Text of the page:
Reviving And Reinventing Folk Art



Art transcends all cultural and physical boundaries and Memeraki proves that better than any other brand. Their stunning hand-painted bags have given folk and traditional artists in India visibility all over Asia and America. An independent consultant with organisations like the World Bank Group, CGAP, and the Financial Alliance for Women, Memeraki founder Yosha Gupta has personally scouted artists from remote villages and cities, often spending days with them learning about their craft. Each bag is unique much like its artist and beautifully painted with Madhubani, Gond, Pattachitrra, Kashmiri, Warli, Thanka, Kalamkari, and other art forms. Since they love experimenting with different materials, you can choose to carry a piece of Indian folk art painted on leather, faux leather, fabric, wood, cork, and even a paper mache Memeraki bag. The founder proudly tells us, “We work with over 100 folk and tribal artists across India – the mission of our brand is to revive the dying arts of India and create sustainable livelihoods for these artists and artisans.” 

“Awareness and marketing is one big challenge. Not all of them are well aware of digital media and unable to use digital media well so they are not able to reach as many art patrons across the world”, says the founder when asked what some of the challenges are that the artists face today. “Design innovation and product quality is the other challenge were more designers need to work with artists to be able to help them create new products but without changing the essence of their art. Artists don’t have access to the best quality of products that they could paint on their own and here is where brands like ours need to come in and co-create with the artists”.

The brand has gone further than just creating a source of income for India’s folk and tribal artists.  Working with multiple non-profit organizations in India, Memeraki ran a crowdfunding campaign in 2017 to raise 15,000 USD to build an art school for girls in the Madhubani district of the country. In 2018, the company also created a collection of bags using cork to raise money for an elephant orphanage in Vietnam. 

“As India’s only hand-painted folk art brand creating artisanal high-end handbags”, with the artists as the central heroes, Memeraki has expanded the platform for many of India’s folk artists by organizing art workshops in India and Hong Kong, and online art classes that can be accessed via Zoom from anywhere in the world. These online art classes not only provide the much-needed income for artists who come from very humble backgrounds and are further facing challenges due to the current lockdown but also give people the opportunity to learn from the masters themselves. The world may have adapted to Zoom, but for the artists living in India adapting to the technology has been an incredible accomplishment given the technological and infrastructural difficulties they face. Yosha facilitates each class herself, translating for the artists (since English is not their first language), and explaining the history of the art form being used while they paint. At just Rs.750 per class, learning from the masters in folk art has never been more affordable or accessible. With traditional Indian music playing softly in the background, the classes are truly unique in the experience they provide to the many participants joining from around the world.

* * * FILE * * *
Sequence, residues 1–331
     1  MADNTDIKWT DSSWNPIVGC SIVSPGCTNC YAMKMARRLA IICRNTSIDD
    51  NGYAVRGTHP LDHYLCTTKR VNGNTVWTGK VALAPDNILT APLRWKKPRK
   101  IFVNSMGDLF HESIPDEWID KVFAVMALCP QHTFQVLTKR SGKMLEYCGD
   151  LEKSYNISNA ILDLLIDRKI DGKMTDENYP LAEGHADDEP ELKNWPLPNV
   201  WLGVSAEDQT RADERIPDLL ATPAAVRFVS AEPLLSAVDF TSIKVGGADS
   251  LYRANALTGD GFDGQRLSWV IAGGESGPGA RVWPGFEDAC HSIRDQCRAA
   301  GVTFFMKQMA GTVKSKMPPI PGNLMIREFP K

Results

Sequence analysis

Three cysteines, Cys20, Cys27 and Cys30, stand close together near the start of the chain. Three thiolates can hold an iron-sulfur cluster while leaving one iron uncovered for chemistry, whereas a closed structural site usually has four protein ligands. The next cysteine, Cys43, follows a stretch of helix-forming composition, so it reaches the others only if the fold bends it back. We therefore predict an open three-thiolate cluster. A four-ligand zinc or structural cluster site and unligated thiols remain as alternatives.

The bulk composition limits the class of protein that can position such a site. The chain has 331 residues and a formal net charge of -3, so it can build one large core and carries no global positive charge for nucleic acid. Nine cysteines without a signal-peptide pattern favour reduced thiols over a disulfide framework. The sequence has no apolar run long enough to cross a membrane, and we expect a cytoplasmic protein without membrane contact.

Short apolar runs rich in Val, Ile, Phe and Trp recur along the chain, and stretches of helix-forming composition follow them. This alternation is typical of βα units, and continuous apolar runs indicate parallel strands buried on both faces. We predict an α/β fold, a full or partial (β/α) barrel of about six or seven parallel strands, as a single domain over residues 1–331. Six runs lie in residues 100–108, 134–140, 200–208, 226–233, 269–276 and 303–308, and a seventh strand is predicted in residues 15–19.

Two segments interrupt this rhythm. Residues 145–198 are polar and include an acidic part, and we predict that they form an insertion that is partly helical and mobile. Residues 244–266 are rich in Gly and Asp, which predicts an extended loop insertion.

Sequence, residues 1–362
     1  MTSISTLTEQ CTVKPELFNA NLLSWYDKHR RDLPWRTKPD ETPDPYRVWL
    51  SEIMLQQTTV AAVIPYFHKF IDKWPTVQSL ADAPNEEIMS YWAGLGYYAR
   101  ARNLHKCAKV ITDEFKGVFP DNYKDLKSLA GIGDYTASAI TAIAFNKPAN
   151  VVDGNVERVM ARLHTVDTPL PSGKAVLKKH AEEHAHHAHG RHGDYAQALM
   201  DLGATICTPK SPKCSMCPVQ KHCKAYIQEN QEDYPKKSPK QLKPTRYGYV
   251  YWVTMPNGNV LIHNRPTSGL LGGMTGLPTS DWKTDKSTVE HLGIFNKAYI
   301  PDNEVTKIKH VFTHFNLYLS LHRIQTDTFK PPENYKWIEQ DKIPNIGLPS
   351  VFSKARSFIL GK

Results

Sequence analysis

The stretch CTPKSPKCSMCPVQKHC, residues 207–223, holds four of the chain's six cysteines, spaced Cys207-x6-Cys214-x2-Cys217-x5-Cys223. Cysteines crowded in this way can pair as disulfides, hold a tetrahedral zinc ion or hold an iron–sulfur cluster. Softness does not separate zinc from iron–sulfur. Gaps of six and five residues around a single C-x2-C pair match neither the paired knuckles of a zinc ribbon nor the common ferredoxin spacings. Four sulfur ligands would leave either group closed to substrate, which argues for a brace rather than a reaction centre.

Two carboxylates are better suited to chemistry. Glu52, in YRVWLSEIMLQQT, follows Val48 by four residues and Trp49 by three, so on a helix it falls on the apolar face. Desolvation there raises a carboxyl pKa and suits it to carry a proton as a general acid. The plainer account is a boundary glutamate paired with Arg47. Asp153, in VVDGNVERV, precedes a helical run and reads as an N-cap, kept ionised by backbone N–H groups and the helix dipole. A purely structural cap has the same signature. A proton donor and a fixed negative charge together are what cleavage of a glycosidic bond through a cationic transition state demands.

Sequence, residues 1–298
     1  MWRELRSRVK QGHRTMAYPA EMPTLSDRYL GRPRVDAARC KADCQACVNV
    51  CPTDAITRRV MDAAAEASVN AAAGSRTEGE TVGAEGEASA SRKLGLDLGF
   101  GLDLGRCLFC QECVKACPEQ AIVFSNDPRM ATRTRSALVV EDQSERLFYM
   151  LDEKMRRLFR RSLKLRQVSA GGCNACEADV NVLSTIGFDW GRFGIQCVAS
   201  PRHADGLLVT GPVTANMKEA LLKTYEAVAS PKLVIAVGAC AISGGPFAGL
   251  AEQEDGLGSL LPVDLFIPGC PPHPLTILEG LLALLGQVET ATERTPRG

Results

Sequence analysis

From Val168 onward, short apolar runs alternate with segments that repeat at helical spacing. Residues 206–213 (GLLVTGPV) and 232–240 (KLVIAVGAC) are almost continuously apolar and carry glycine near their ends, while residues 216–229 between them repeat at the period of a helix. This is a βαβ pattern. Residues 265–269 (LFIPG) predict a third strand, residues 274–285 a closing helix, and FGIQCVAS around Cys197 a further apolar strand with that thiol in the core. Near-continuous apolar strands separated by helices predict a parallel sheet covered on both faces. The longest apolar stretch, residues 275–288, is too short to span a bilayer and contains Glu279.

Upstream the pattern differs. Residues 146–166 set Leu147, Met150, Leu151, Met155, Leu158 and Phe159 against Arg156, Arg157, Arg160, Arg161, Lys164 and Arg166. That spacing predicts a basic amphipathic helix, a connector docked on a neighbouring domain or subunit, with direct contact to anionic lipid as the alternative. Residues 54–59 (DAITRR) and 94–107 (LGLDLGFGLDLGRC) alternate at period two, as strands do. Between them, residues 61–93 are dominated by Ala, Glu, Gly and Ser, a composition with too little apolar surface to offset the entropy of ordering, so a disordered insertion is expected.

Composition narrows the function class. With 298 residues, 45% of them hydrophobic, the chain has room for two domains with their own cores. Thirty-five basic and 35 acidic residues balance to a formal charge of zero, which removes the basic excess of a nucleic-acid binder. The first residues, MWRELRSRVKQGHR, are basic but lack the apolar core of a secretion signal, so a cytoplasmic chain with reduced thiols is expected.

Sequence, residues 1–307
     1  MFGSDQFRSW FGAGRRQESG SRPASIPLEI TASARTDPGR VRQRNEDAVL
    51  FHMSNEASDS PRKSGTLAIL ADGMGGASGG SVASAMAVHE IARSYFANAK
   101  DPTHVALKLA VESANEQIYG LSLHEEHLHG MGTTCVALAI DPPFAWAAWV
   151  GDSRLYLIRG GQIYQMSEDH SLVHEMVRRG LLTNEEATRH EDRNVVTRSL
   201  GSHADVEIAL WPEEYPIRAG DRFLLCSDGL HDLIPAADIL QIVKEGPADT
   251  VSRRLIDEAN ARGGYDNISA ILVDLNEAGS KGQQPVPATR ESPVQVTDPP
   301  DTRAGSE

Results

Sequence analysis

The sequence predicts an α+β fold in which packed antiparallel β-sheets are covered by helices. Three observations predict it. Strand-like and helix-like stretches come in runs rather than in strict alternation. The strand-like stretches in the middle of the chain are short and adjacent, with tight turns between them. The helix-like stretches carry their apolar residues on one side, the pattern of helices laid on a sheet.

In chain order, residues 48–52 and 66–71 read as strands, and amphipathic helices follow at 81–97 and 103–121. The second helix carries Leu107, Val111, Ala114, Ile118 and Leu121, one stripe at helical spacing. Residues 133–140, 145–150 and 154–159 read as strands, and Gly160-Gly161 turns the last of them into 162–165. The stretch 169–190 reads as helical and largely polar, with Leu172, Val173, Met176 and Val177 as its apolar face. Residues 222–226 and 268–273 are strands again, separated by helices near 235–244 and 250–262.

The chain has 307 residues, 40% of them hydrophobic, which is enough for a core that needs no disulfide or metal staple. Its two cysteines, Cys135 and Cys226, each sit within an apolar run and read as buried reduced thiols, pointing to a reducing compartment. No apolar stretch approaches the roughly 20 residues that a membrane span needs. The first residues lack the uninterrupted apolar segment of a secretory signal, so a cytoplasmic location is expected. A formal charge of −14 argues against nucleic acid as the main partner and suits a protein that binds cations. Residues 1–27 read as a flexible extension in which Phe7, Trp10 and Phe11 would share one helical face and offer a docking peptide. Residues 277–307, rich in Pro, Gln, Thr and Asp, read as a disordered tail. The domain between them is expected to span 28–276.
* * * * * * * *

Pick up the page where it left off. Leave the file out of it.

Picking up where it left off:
Meet some of the Artists

KRISHNA TASHI PALMO
(Thangka Artist)
One of Meemraki’s most inspiring artists, Krishna learned art at the Tibetan traditional art school from 2006 to 2012 in Himachal Pradesh’s Lahaul Spiti district.  Being one of the very few Thangka artists, Krishna despite her physical challenges (polio in both legs) continues to inspire everyone with her art and by teaching children at a local NGO in her town.

PRATIMA BHARTI and DK BHARTI
(Madhubani Artists)
The real-life couple and Madhubani artists Mr. and Mrs. Bharti both have distinctive styles for Madhubani art. They combine modern lines and geometric figures with traditional patterns.

APINDRA SWAIN 
(Pattachitra Artist)
Apindra Swain’s family has been painting for generations, and his dream is to continue using the Pattachitra art form in new and interesting ways. A resident of Raghurajpur, the village of Pattachitra artists in India, Apindra often experiments combining the art form with calligraphy and painting on modern household items.

ANIL VANGAD
(Warli Artist)

Anil Ji is one of the leading Adivasi Warli artists working with Meemraki, with over three generations of his family practicing the art form.  He still prefers to use the traditional mediums of gerua, rice paste, charcoal, and cow dung with the use of synthetic paints and dyes.

RIYAZ
(Kashmiri Artist)

Riyaz is a paper mache artist from Kashmir known as much for his philosophy in life as his artwork. Apart from painting on Memeraki’s wooden and leather bags, he is currently developing a paper mache collection of handbags as well for the company. 

RAJENDER SHARMA
(Miniature Artist)

Interested in art since the age of 10, Rajendra has now been a miniature artist for 25 years. Self-taught and the son of a legal draftsman, “Raju Ji” was inspired by all the beautiful art he saw in the city of Jaipur where he resides.